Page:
Let me Mr. Chairman,  reecho the call made by His Excellency, President Ernest Bai Koroma during the launching of the Agenda for Prosperity on 12 July this year, by urging all development partners including the Peacebuilding support Office, and the PBC to sustain the momentum by continuing to put hands on deck in support of this very ambitious development framework. Development, peace, security and stability are intricately interlinked, and the Agenda for Change is a viable vehicle to address this nexus.
As I mentioned in my remarks at the briefing of the Security Council two days ago, the progress we collectively continue to achieve in improving peace, security and stability in Sierra Leone provides a platform and inspiration to roll out the Agenda for Prosperity.
The Agenda for Prosperity represents Sierra Leone’s aspiration, and a pathway to become a middle-income country within the next 35 years and achieve a donor status in 50 years from now. Furthermore, the Agenda for Change encapsulates our vision for an inclusive, green country, with 80% of the population above the poverty line, gender equality, a well-educated, healthy population, good governance and rule of law, well-developed infrastructure, macroeconomic stability, with private-sector, export-led growth generating wide employment opportunities; good environmental protection, and responsible natural resource exploitation.
The overarching goal is to build a pathway to a more secure Sierra Leone with freedom from want and fear through building a stable economy founded on private sector-led growth, diversifying activity across several competitive sectors, increasing value-added, generating gender-equitable employment, promoting social justice, human rights, good governance and the rule of law.
At the policy level, Government together with development partners, have developed a Results Framework with a Policy Implementation Matrix, which allows an overall monitoring and progress tracking, through activity progress reports from each relevant institution. Targets for each activity have been set up, directly aligned to Pillar strategic priorities and actions. The activities of all Government Ministries/Departments/ Agencies will be monitored against these targets. Additionally, Impact and outcomes will be assessed against baseline data, in a mid-term review, and on completion of programmes. The strategy for implementation and monitoring mechanisms will include Public Expenditure Tracking Surveys, and performance management contracts signed between the President and Ministers.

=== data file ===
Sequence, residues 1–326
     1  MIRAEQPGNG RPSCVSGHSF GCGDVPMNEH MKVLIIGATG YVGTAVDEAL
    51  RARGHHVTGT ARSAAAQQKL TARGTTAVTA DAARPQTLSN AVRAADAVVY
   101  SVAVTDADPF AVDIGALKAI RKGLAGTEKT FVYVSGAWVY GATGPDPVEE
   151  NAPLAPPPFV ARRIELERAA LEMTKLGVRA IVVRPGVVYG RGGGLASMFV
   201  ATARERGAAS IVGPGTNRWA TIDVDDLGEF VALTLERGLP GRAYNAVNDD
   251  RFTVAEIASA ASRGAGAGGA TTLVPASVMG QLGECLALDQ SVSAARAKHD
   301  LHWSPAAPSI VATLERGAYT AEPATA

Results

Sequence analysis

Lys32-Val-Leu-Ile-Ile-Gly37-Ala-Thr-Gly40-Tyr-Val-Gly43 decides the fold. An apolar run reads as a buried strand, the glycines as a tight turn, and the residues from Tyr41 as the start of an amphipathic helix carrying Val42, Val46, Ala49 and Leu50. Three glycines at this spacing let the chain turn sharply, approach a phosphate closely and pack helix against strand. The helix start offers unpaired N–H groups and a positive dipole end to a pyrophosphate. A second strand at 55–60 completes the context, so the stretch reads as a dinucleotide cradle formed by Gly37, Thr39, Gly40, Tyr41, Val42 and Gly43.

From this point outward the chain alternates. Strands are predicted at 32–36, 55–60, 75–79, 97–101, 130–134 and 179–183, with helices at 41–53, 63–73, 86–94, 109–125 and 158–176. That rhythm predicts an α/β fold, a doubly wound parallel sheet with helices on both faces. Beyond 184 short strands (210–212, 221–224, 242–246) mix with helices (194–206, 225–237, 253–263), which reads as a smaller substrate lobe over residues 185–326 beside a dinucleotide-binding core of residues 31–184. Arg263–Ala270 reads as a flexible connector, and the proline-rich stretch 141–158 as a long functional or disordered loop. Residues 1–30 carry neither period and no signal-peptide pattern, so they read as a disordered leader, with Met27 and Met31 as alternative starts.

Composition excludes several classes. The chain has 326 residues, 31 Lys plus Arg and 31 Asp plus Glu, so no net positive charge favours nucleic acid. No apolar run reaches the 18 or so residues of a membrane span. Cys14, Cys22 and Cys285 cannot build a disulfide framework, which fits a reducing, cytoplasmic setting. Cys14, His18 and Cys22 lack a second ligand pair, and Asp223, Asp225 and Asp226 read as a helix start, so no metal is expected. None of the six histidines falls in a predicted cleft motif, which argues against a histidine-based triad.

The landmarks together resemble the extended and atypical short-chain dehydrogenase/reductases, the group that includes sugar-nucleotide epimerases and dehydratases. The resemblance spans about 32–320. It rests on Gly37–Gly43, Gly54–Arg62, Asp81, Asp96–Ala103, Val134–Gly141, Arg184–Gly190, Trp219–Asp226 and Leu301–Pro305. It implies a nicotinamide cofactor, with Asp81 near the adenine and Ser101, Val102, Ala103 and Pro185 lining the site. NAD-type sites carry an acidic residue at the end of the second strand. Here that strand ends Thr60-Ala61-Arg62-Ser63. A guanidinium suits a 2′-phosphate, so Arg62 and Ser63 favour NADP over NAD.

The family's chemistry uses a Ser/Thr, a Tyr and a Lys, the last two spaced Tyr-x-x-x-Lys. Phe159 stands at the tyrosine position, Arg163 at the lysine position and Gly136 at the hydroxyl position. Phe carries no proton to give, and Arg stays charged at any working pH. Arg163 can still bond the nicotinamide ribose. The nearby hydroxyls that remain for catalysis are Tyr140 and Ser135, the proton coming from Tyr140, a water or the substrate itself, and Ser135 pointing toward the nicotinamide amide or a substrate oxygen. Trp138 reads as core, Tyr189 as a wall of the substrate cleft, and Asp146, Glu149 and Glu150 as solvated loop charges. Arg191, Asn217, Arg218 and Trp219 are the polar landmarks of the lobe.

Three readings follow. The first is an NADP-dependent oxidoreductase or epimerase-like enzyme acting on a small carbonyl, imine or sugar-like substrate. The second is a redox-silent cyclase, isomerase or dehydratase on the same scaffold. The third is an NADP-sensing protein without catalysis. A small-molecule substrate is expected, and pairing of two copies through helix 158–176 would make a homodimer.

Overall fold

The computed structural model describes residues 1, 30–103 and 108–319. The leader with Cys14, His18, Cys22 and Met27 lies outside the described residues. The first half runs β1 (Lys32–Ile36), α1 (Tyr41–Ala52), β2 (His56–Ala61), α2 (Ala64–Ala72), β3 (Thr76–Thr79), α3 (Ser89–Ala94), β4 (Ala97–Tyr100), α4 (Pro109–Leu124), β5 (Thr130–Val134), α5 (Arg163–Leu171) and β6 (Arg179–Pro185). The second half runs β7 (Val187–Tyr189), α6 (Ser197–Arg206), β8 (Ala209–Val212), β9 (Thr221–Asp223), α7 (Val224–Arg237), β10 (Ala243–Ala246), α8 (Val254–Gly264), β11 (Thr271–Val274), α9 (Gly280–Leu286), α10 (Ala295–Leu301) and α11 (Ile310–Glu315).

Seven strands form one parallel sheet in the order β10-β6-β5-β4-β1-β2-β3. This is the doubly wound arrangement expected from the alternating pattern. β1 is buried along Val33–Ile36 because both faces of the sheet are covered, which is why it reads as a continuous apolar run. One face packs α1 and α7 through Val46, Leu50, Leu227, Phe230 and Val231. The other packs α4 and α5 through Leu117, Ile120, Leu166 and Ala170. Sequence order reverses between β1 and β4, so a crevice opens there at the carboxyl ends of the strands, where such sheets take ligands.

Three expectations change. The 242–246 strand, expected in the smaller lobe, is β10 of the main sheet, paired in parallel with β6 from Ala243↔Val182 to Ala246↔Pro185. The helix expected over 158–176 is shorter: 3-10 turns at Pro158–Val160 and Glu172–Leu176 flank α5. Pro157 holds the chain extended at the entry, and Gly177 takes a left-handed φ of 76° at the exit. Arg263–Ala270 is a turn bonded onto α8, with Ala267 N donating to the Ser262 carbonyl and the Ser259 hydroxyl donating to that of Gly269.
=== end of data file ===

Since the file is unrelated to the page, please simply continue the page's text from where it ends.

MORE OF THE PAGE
In terms of implementation, we believe that rapid expected growth in minerals production and export, together with the potential for petroleum exploitation, should contribute towards transforming the country in the years ahead. But this is also against the background of the expected sustained and predictable international support through concessional financing, direct foreign investment, increased access to education and health, as well as building and strengthening our national institutions including promoting good governance, the expansion of the job market and creating gainful economic opportunities for all.
The launch of the Constitutional Review process by His Excellency, President Ernest Bai Koroma on 30 July 2013 marked another significant milestone in the implementation of the key recommendations contained in report of the Truth and Reconciliation Commission. It is the fervent hope of the government that the key issues highlighted as the causative indices that led to the senseless destruction of lives and property be addressed. As a Government we will do all within our reach to further the peace consolidation and reconciliation efforts in which we have all invested our time and resources to make Sierra Leone model UN peacebuilding and national cohesion.